The Duchess of Cornwall has paid tribute to Britain’s war dead by placing a cross in Westminster Abbey’s Field of Remembrance, taking over the role from the Duke of Sussex.
Camilla honoured the servicemen and women who sacrificed their lives for their country, and stood in solemn silence as the Last Post was played.
She carried out the public engagement in central London ahead of Armistice Day next week – and one day before England enters a second national lockdown.
Only a small number of socially distanced veterans attended the event this year instead of the 1,200 veterans and their families that normally gather, as the nation battles the Covid-19 outbreak.
Camilla remarked: “It is such a shame that there aren’t people here this year.”
For the past seven years, the annual royal visit to the Field of Remembrance was the duty of the Duke of Sussex, who served in the armed forces for a decade.
But with Harry quitting royal life to move to the US, Camilla took on the engagement this year in place of her stepson, and looks set to carry on with the role in future years.
She had been due to join Harry and the Duchess of Sussex at the event in 2019, but pulled out after falling ill.
Poppy Factory president, Surgeon Rear Admiral Jarvis, said the event was moving despite the lack of crowds.
“There is a certain level of poignancy in doing it this way, in this weird world in which we all now live,” he said.
“The duchess is an incredibly supportive patron of The Poppy Factory so I think this will now become a regular thing.
“Prince Harry has obviously got other preoccupations at the moment. We will see what happens over the next year. We think that (her regular involvement) would be very nice.”
Camilla was dressed in a Rifles dress – she is Colonel-in-Chief of the regiment – and a dark military-style coat by Mr Roy, a Rifles hat by Philip Treacy, and wore a regimental brooch, as well as a poppy brooch.
At one point the duchess wore a Royal British Legion poppy mask as she went into St Margaret’s Church to sign a visitor’s book.
She also spent a few moments at the plot laid in memory of the Lancers, the regiment with which her late war hero father, Major Bruce Shand, served.
“Aha, my father’s regiment,” she said. “Sadly I can’t read (the inscriptions) without my spectacles.”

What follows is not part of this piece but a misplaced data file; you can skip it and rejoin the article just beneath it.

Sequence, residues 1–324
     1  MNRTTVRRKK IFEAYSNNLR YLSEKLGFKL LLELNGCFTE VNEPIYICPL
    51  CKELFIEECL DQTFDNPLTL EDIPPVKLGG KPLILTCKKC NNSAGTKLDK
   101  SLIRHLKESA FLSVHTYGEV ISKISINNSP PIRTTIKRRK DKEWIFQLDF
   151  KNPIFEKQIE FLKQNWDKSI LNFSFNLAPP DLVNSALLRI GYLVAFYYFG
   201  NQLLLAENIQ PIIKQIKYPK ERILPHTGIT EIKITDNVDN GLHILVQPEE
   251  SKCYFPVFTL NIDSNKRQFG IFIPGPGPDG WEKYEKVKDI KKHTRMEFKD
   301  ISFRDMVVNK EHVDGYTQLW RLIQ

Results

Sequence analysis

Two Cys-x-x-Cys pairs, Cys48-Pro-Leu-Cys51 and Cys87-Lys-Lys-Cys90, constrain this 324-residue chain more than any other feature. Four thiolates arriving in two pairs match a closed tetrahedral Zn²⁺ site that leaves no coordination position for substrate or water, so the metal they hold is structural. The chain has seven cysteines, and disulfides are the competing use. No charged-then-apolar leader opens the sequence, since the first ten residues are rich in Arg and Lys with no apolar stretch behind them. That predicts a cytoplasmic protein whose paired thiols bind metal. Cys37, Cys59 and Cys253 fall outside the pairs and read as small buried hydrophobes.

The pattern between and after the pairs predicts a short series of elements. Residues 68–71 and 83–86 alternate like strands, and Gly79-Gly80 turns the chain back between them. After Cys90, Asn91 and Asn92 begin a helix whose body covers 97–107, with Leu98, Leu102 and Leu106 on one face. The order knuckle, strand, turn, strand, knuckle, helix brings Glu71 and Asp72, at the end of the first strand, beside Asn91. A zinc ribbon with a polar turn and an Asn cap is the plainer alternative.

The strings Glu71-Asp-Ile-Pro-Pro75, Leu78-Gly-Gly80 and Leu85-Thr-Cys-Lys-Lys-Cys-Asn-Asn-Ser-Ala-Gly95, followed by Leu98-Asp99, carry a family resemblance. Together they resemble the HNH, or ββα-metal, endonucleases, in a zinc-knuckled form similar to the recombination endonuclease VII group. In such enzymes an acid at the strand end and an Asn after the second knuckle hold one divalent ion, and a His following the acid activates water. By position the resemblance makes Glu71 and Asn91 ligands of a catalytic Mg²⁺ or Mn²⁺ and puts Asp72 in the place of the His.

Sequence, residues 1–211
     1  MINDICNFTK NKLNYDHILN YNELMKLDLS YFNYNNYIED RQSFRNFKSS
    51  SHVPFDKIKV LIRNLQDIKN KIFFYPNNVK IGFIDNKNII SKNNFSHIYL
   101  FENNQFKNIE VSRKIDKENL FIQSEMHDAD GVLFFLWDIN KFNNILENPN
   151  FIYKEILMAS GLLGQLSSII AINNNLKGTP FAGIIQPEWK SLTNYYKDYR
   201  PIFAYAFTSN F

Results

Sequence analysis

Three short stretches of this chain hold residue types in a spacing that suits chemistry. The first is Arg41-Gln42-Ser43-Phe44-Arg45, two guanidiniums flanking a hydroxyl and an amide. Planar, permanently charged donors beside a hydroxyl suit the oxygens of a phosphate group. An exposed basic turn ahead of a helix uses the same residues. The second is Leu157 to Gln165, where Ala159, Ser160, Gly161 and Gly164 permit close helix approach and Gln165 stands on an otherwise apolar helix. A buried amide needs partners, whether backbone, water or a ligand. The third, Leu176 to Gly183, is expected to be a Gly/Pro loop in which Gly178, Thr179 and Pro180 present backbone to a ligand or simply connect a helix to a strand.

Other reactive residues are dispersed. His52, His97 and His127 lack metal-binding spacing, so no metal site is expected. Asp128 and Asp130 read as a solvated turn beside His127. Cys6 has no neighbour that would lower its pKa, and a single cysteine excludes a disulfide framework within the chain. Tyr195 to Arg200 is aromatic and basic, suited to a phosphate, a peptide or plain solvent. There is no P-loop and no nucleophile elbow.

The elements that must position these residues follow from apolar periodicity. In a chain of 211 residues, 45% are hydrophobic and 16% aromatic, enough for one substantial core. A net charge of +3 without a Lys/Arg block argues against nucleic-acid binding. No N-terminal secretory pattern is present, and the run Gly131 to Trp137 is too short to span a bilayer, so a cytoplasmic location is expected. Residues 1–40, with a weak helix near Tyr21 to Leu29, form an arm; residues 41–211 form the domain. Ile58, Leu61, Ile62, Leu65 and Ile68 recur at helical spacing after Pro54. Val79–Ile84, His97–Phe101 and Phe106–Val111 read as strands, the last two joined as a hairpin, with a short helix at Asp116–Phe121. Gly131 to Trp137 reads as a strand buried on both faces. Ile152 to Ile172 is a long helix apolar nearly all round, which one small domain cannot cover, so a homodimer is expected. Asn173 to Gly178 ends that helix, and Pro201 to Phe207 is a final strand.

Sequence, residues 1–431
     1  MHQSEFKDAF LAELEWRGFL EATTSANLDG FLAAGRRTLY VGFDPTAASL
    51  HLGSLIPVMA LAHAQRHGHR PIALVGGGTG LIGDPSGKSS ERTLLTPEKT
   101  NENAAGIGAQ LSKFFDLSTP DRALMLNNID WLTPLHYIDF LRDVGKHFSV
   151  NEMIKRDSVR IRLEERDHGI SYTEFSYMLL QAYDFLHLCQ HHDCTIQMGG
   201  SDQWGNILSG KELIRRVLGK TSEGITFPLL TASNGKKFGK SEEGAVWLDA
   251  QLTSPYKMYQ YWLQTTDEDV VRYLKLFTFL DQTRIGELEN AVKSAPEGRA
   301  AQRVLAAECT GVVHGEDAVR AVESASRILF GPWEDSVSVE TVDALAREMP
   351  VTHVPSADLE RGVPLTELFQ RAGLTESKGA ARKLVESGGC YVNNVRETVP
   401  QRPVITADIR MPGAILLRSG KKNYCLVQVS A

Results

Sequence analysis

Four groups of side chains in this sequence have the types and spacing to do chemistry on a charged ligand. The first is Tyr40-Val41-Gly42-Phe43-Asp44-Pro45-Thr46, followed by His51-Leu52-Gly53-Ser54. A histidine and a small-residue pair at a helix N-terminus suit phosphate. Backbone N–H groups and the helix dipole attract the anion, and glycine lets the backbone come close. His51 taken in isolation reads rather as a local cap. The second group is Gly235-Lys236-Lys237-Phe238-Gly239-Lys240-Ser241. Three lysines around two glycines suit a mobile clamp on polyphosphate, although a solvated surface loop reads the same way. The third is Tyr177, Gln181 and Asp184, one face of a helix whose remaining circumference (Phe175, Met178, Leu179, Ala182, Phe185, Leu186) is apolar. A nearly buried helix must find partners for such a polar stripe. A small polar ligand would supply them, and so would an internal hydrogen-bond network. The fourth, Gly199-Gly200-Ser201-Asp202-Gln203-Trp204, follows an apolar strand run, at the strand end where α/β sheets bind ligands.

The duchess was shown the rows of thousands of small pale wooden crosses which are planted every year in the grounds of the Abbey in memory of the fallen.
Each one bears the name of a lost loved one, a poppy and often a message of commemoration.
The Dean of Westminster, the Very Reverend David Hoyle, offered prayers during the ceremony, as Camilla stood in front of two large wooden crosses from the graves of unknown British soldiers from the First and Second World Wars, before laying her own cross of remembrance.
She listened to the recital of the traditional Exhortation of Remembrance – the well-known moving extract from Robert Laurence Binyon’s 1914 poem For The Fallen, which features the words “At the going down of the sun and in the morning, we will remember them.”
It was followed by a two-minute silence.
The Field of Remembrance – in its 92nd year – is organised by the Poppy Factory and has been held in the grounds of the abbey since November 1928 to commemorate all those who have lost their lives in the armed forces.
Camilla reviewed some of the memorial plots for regimental and other associations.
She was escorted by Surgeon Rear Admiral Jarvis and also greeted by Defence Minister Ben Wallace.
The duchess has been patron of The Poppy Factory, which supports veterans with mental or physical health conditions back into work, since 2013.
Among the armed forces representatives Camilla met was Steve Pleasants, 55, from south-east London, who served with the RAF in catering for six years and now works for The Poppy Factory.
‘I’ve helped plant the crosses and it has meant an awful lot to do that, despite everything that is going on,” he said.
“We have had less volunteers as a result of Covid and slightly less plots but it’s still such an important event to pay tribute to these men and women who have died for our country.”
Mr Pleasants experienced mental health issues and as part of his recovery he volunteered to work at the factory, and was this year given a full-time job, his first for seven years.
Because of lockdown, members of the public will not be able to walk round the tributes, but a video tour can be found at www.poppyfactory.org.
It is hoped the crosses will remain in place for longer this year, possibly past the planned end of lockdown on December 2.
For many years, the royal visit to see the crosses was performed by the Queen Mother, and after her death in 2002 by the Queen and then the Duke of Edinburgh, before the duty became synonymous with Harry.